Study: Oregon’s Bioscience Sector Produced $15.6 Billion in Output in 2020

Oregon Bioscience Association
The Oregon pavilion at the BIO International Convention.

Access to talent, strong academic institutions, and public-private partnerships are behind the Oregon bioscience sector’s continuing rise.

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A study commissioned by the Oregon Bioscience Association shows Oregon’s bioscience sector is in full bloom, producing an historic $15.6 billion in output, 66,000 jobs statewide as well as $1.7 billion in local, state, and federal taxes and fees in 2020. The number of bioscience employees in Oregon has doubled since 2002. Wages increased 215% over the same period.

The new study, titled “Oregon’s Bio Boom: 2022 Economic Impact Report” shows Oregon’s biotechnology and life science sector is wealthier and more productive than at any previous point in the last 20 years.

Liisa Bozinovic, executive director of the Oregon Bioscience Association, says the state’s strong academic institutions, talent pool, and robust support for the industry through incubator and accelerator organizations like OTRADI/OBI and  Onward Eugene, which announced a partnership with OBA last year, are the main drivers behind the sector’s continued growth and investments.

From left to right: Steve Thompson – Global Trade Specialist, Business Oregon, Angela Bitting – SVP Corporate Affairs and Chief ESG Officer, Twist Bioscience, Liisa Bozinovic – Executive Director, Oregon Bioscience Association at the Oregon pavilion at the BIO International Convention.

With the arrival of outside bioscience companies like Genentech and Twist Bioscience, as well as internal research hubs like the Knight Cancer Institute at OHSU, Bozinovic says the sector has been poised for this kind of growth for several years.

“We have started to get a critical mass of talent in the region, and it makes it more attractive for companies to relocate here,” says Bozinovic, who uses Twist Bioscience’s 2020 arrival in Wilsonville as an example of how the region’s talent base has made it attractive to bioscience companies.

“Twist Bioscience did their due diligence when they were thinking about where they were going to put their second site. They looked at the talent pool in the region and got very comfortable with the fact that they could hire and train what they needed. They’re very active now in reaching out to community colleges and universities to make sure that pipeline is in line with their needs.”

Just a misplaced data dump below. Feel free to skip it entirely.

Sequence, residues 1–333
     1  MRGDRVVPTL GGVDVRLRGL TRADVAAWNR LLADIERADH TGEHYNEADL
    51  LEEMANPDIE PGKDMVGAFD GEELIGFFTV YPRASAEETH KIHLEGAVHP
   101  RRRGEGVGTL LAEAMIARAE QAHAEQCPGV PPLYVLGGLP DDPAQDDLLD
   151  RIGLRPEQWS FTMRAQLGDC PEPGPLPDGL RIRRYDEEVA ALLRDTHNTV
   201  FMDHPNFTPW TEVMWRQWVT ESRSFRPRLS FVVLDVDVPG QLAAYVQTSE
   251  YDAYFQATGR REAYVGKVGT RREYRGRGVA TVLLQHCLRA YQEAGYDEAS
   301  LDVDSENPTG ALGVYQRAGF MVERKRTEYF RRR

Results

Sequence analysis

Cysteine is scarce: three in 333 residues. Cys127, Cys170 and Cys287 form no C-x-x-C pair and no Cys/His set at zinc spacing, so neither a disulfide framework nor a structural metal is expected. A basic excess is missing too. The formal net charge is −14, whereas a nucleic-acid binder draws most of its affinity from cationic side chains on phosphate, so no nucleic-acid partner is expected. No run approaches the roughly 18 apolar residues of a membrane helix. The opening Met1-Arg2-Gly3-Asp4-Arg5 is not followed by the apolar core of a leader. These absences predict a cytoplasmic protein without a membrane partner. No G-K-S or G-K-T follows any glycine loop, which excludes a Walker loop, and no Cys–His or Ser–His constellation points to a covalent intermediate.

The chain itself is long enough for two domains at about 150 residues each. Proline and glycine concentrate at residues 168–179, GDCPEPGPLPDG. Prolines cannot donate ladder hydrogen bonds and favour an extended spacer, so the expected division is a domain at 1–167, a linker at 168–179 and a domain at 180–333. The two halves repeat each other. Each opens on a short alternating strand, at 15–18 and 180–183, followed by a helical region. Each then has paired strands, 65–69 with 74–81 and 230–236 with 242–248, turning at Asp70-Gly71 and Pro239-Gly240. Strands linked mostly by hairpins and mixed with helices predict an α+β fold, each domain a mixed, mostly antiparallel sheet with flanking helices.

In addition to state universities, Oregon’s robust array of community colleges give the bioscience sector greater access to talent. According to a 2020 report form the Urban Institute, community colleges tend to have greater minority representation than more expensive higher-learning institutions.

The OBA study found 75% of the workers in life science research were women and 45% of the total bioscience industry workforce identified as female, while ethnic minorities comprised nearly 22% of the bioscience workforce.

“Portland Community College has a biotech program and has been very responsive to industry needs as far as training talent,” says Bozinovic. “The bioscience sector has been known to have four-year degree requirements so sometimes it’s tricky for the community colleges. But now companies are specifically looking at community colleges because that’s an area where you can find a more diverse talent pool.”

Like the silicon forest — the nickname for the Portland-area tech sector — Oregon’s bioscience sector supports the manufacturing, trade, and service sectors, among others. The report estimates that every 10 jobs in the bioscience industry support an additional 21 jobs in other sectors of Oregon’s economy. Every $1 million in income generated in the bioscience industry was linked to another $1.2 million in income for workers and business owners in other industries in Oregon.

Alec Josephson, economist with Pinnacle Economics, who conducted the study as well as six other Oregon bioscience sector studies since 2002, said in a press release that the results show the sector “becoming a pivotal industry in Oregon’s economy.” 

Despite the record-setting 2020 numbers, Bozinovic says the sector still has plenty of room for growth. Part of that growth means becoming more visible to the national and international bioscience community.

Last week, 18 organizations, including bioscience companies, universities, and economic development entities joined Oregon Bioscience and Business Oregon at the BIO International Convention in San Diego. It was the first time Oregon had a booth at the convention in ten years.

According to Bozinovic, it will be one of many Oregon appearances.

“The money and infrastructure definitely build on themselves,” she says. “More researchers and more NIH funding eventually translates into spinouts and licensing opportunities, as well as companies able to grow organically in the region.”

“We are certainly not seeing the full results of all this investment but we’re definitely seeing the early stages. Wherever there are major universities you see lot of more activity and industry growth because of the associated talent and the research pools.”

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